Two years ago, President Bush vetoed legislation that would’ve expanded health care coverage for children, and Congress was unable to muster the votes for an override. But the issue is back, and Congress is on the verge of adopting a similar bill, with a long-overdue sweetener for Washington state.
Following earlier action by the U.S. House of Representatives, the U.S. Senate on Thursday passed a bill to bolster the popular State Children’s Health Insurance Program. The bill would cover 4.1 million more children, bringing the total to 11 million. The cost is $32.8 billion over 4 1/2 years and is to be paid for with a 61 cent tax on a pack of cigarettes.
This still leaves 5 million uninsured children, but it’s a tremendous gain for SCHIP, which was created in 1997 to help cover children from families whose income was too high to qualify for Medicaid and too low to buy private insurance. It’s a tribute to the program that while the percentage of children covered by private insurance has declined in the past 12 years, the overall percentage of those who are covered has risen. The number of uninsured children has dropped dramatically under SCHIP. Those facts belie the criticism that the expansion merely amounts to trading private care for public care.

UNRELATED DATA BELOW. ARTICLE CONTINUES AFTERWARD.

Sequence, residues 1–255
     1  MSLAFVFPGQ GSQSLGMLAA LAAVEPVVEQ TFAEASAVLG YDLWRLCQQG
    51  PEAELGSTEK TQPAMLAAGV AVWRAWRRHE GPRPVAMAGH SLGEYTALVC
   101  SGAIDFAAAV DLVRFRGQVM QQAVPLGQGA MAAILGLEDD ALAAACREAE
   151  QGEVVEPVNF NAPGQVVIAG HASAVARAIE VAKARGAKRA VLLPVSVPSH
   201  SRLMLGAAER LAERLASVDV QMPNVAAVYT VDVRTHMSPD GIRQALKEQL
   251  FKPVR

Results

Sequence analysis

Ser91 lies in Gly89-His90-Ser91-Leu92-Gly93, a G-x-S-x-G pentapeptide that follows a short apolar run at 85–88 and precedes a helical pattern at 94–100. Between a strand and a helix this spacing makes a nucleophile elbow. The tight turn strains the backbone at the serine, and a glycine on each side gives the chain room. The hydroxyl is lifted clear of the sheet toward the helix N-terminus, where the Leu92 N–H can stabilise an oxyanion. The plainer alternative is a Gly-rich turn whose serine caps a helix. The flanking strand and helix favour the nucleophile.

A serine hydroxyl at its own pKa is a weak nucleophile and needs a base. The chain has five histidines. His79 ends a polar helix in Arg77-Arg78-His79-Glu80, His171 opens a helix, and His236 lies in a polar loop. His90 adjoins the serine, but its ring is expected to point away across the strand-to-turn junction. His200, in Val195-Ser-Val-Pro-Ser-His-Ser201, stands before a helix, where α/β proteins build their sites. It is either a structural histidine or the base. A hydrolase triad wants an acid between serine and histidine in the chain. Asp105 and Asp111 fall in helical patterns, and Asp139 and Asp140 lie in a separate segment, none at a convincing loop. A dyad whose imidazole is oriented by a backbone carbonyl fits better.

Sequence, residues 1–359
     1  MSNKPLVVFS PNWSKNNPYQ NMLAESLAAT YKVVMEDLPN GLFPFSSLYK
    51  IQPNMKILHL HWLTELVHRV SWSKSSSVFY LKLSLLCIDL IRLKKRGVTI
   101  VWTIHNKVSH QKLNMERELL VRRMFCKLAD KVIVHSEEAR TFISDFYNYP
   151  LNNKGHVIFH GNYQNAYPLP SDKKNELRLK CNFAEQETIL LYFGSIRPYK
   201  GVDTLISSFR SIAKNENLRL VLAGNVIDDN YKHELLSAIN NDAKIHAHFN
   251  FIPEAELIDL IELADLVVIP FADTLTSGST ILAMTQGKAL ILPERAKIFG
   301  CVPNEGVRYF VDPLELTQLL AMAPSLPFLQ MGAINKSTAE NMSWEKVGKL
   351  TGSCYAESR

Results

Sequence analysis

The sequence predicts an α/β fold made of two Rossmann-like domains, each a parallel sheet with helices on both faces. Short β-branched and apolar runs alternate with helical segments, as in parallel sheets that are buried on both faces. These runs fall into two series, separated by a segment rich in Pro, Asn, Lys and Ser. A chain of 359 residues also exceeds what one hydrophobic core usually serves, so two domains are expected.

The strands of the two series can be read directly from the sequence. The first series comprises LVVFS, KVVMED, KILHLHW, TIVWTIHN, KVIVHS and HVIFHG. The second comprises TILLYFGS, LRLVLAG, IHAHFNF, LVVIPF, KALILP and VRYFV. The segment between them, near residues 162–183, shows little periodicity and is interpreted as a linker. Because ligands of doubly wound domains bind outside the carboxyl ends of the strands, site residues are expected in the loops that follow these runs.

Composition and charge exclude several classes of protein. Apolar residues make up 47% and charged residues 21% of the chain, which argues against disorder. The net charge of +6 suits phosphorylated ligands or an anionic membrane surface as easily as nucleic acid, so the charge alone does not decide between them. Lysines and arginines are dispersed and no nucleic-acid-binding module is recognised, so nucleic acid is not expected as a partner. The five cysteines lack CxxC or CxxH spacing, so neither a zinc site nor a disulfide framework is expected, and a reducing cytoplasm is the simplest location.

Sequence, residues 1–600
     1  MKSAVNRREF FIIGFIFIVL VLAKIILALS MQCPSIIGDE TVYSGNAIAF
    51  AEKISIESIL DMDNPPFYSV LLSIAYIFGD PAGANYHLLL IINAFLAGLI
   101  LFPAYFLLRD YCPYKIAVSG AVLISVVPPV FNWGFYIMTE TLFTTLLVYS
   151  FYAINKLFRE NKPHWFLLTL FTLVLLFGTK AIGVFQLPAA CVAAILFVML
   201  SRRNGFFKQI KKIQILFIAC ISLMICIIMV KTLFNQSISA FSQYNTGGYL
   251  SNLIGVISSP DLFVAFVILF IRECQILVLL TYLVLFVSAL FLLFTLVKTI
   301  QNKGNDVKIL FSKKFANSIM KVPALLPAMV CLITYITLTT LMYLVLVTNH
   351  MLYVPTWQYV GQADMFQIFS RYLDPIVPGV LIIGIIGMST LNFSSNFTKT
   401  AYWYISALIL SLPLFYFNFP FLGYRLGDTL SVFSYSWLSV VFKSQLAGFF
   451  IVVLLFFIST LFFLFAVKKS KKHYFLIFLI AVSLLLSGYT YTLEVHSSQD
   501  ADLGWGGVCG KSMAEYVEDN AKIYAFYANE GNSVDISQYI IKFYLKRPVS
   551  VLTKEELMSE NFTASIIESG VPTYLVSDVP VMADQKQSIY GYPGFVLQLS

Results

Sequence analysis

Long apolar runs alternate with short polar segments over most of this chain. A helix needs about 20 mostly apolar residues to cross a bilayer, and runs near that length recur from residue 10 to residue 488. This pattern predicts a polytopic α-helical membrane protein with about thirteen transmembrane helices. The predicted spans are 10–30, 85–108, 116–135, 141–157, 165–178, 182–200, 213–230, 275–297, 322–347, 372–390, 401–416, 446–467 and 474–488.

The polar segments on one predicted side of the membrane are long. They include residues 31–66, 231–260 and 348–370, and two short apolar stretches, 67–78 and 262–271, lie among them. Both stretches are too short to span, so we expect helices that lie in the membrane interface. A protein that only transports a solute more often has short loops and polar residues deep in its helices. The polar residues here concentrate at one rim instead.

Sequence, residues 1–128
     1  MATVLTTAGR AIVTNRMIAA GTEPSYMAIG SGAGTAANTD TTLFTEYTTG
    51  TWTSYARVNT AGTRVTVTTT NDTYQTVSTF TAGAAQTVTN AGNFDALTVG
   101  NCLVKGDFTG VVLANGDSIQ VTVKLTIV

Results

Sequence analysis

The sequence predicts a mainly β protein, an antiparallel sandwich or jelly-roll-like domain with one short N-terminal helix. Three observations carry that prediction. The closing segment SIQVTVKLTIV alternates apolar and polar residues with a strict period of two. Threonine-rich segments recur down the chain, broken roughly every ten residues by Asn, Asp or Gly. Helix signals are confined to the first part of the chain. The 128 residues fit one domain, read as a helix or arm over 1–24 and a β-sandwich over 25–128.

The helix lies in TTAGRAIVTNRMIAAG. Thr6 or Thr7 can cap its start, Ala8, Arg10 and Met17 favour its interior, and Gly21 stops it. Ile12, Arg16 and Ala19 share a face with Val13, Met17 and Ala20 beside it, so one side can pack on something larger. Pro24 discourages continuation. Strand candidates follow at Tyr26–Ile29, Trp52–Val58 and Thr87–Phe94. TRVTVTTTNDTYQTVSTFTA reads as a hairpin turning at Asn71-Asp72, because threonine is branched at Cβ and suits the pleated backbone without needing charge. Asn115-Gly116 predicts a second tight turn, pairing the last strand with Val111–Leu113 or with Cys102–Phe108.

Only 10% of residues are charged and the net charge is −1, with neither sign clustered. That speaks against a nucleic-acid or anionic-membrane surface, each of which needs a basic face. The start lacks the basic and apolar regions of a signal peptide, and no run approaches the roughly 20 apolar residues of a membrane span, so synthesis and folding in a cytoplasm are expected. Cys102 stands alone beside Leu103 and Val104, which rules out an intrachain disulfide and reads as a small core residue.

The bill is even better news in Washington state, which through a quirk in the law has not gotten its fair share of SCHIP funds over the years. In 1994, the state, via Medicaid, became one of the few to cover more kids. Three years later, SCHIP was created, but the law blocked states from shifting eligible kids from Medicaid to SCHIP. This matters because the feds match dollars at a higher rate for SCHIP than for Medicaid. In short, Washington couldn’t stretch the dollars as far.
The no-transfer rule had the unintended consequence of punishing those states that were leaders in providing health care for children, and Washington state politicians have been trying to rectify that. Over the life of SCHIP, the state has had to forgo an estimated $200 million. U.S. Sen. Maria Cantwell has worked hard to convince key colleagues, such as Senate Finance Committee Chairman Max Baucus, that the inequity had to be addressed. She secured the fix two years ago, but it was a casualty of the veto.
In 2008, the state was allocated $79.9 million in SCHIP funds, but could only use $44 million, Cantwell says. In 2009, it will have an estimated $94 million and can use it all when the bill becomes law. An estimated 496 more children could become eligible for SCHIP in Spokane County.
It’s about time.
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